I was arrested once. In 1975. The arrest was legitimate—I inadvertently walked out of the University book store without paying for a thirty-five cent notebook. Unfortunately, I had placed the notebook in my pocket to make sure it fit. Odd kid thing to do. But that is what I did. Unfortunately, I did not remove it from my pocket as I browsed in the fiction section of the store. Unfortunately, I forgot I had it in my pocket. Unfortunately, it slipped my mind that the reason I had gone into the store was to purchase a notebook to jot notes on. Unfortunately I was sporting a beard. Unfortunately, this was 1975—on the campus of Brigham Young University where I was to begin graduate studies the following week. Unfortunately I had not planned to shave the beard until the day before classes started (since I would not be permitted to start classes otherwise). (Beards were a no-no at BYU back when there were rampant wisp-bearded hippies free-loving and rebelling and hooking thirty-five cent notebooks). Unfortunately illegal beards draw the scrutiny of bookstore flatfoots. And unfortunately I walked out of the book store forgotten notebook enpocketed and unpaid for. Further, unfortunately, a fellow stopped me, identified himself as campus security and hauled me off to interrogation. Unfortunately, the cops wouldn’t believe my fervent assertion that I was not idiot enough to steal a thirty-five cent note book.
You could say they had plenty of evidence otherwise sitting right in front of them.
My frustration at being accused and at my own idiocy was astronomical. But what was really, really on a star ship bound for Andromeda was that there was nothing I could do. I was detritus. Debris. Junk in the eyes of my captors. My word, always sacred to me, was less than dust on the wall.
Fortunately, my unfortunaties ended about there. Firstly, I was white, middle class, and looked a lot like the blond, blue eyed ex-Marine student cop who had hauled me in. I spoke the same accented and dialected English he and his buddies spoke. Also, I had undergradded at BYU, so knew people on campus who could vouch for me, including my employers and professors. Also, when the cops called my home town, they got a squeaky clean endorsement from Two-Gun Johnny, the draft board, the high school principle, and several prominent citizens who—if they did not know me personally—knew my family and their general goodness. In short everything about me—except the beard—was in favor of not prosecuting me for stealing a thirty-five cent notebook.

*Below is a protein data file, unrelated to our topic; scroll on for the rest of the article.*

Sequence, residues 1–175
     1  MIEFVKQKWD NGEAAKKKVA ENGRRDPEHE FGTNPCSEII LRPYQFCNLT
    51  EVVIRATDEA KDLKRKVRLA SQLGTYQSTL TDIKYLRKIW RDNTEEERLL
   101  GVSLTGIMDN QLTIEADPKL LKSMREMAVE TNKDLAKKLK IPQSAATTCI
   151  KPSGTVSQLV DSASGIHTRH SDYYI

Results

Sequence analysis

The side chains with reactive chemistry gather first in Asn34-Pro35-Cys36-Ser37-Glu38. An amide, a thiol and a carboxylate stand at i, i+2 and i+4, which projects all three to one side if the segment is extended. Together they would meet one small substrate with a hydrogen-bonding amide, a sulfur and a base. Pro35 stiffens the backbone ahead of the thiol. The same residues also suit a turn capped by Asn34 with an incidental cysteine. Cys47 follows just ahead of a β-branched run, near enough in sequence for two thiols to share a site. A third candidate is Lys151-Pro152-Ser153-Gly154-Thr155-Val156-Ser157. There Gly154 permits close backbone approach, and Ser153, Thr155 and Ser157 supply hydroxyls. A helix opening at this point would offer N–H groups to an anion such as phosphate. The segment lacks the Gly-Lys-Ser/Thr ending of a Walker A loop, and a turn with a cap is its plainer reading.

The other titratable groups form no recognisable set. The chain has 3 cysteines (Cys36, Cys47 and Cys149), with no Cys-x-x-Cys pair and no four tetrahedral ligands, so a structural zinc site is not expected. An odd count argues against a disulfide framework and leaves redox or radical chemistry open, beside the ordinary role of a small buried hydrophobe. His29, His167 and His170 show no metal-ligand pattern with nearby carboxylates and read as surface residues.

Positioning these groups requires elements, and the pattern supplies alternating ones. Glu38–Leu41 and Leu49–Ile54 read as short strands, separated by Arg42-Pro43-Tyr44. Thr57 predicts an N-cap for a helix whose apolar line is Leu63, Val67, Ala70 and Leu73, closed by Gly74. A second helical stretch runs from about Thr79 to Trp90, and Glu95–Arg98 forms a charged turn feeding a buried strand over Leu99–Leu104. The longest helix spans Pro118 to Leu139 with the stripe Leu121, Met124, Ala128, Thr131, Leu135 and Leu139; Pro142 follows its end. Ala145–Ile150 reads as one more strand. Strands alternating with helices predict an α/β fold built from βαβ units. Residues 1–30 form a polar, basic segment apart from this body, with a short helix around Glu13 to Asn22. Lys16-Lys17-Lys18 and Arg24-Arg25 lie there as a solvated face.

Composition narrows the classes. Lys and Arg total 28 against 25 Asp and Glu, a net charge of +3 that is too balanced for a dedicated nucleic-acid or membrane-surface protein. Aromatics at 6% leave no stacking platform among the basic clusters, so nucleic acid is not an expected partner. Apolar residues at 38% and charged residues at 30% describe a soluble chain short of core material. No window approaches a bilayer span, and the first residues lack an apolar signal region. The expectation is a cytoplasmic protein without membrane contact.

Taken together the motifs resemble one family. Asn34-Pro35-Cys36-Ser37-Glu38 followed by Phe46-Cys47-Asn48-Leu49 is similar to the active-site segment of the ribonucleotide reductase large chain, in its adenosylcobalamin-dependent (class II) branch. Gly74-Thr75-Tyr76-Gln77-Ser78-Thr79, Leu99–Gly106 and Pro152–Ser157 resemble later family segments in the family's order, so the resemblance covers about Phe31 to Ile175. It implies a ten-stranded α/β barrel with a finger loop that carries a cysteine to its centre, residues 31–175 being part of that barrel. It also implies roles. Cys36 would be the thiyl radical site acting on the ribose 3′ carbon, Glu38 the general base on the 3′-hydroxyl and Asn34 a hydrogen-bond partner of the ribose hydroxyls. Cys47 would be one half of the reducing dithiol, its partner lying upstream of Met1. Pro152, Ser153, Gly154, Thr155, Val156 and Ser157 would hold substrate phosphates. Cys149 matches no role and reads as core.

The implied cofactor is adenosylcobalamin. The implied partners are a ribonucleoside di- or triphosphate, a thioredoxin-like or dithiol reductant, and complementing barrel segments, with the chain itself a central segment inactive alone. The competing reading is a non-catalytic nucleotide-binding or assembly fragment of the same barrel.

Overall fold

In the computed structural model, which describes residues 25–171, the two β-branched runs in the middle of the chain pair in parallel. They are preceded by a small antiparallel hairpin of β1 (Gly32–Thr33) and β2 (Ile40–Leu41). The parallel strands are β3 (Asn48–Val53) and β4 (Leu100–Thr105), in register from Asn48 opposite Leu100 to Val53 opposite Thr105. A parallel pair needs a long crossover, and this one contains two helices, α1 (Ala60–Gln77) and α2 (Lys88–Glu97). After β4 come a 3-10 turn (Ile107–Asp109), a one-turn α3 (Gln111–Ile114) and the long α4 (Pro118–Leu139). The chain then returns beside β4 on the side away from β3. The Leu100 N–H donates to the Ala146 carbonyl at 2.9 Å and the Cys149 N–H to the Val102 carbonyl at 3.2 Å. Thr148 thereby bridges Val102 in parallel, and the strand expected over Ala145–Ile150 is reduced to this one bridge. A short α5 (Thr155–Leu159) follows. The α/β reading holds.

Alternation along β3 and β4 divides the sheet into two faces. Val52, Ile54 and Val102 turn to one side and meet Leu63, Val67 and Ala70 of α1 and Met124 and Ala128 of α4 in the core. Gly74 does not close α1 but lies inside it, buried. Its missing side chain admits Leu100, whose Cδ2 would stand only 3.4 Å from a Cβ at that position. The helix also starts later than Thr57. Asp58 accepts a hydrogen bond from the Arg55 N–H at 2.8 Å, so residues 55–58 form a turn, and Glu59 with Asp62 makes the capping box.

Let me put it this way, I wasn’t Stokely Carmichael or Rosa Parks or Jackie Robinson, or even some black dude from East St. Louis.
Which brings me to a side-story along the same vein. Three years before my arrest for pocketing a thirty-five cent notebook in the BYU bookstore, I was driving across the country to a job. I stopped in St. Louis to look up an old roomie who was not only from St. Louie but was studying medicine at Washington U., St. Louie. When I called the phone number I had for him, his mother answered. She told me he wasn’t home and that he was, at that precise moment, driving to a twenty-four hour duty stint at a hospital. So I asked her for directions to the hospital. Her response—I remember to this day as clearly as my name— “O, I can’t do that. That’s East St. Louis,” she said. I, homogenized child of the TV-riot-sixties, understood what she was telling me—East St. Louis was no place for a white boy to go in his 67 Mustang.
So, what do BYU Professors, and Provo, Utah, employers, and Two-Gun Johnnie, and an Ennis High School Principle, and the Madison County Draft Board, and Several Prominent Madison County Citizens, and a mother in St. Louis have in common? They were mentors to me in my youthful travels. I knew this then and appreciated their vouch for me. But what I came to understand in the forty-three years intervening between then and now is this: about all I had in common with Dude from East St. Louis in regard to mentors was a mother who warned me not to step into the ‘wrong’ side of town. Had he been in that BYU interrogation room, he would have been detritus. Debris. Junk. Period. His word would be but absolute dust sifting down in an interrogation room.
And there would be no prominelnt St. Louie citizens to vouch for him. There might have been an employer that BYU cops might listen to, probably a white guy who might say “Yeah, yeah, he worked here, didn’t give notice when he left. Didn’t take nothing that we could find.” And there might have been a teacher in one of the sewers East St. Louie called schools who could have said, “Dude? There’s millions of them. I don’t think he ever cut classes, probably. Didn’t know him that well. Probably he wouldn’t steal a thirty-five cent notebook though. Probably. You never know.” And there might have been a Two-Gun Johnnie that BYU cops would listen to. But once the Dude’s address in East St. Louie was mentioned, ole St. Louie Two-Gun would have said something like, “don’t know the guy, but all those East St. Louie n*s do is riot and steal thirty-five cent notebooks.”
Anyway, I was acquitted based on my vanilla good looks and the vouch of many from my vanilla Montana upbringing. I shaved my beard and fit right. I Started classes and went on to have a fulfilling, good, happy life. Thanks to all who gave me a lift when I needed it. If there is in East St. Louie a doppelganger of me, and if, in spite of walking out of a store without paying for a thirty-five cent notebook, he has made a life similar in success and joy to mine, then he is a better person than I am because he did not have the one thing I have always had. Though he may have had mentors, they were not people BYU ex-Marine Security guys or LA cops or St. Louie Two-Gun Johnnies would listen to.
I have had that.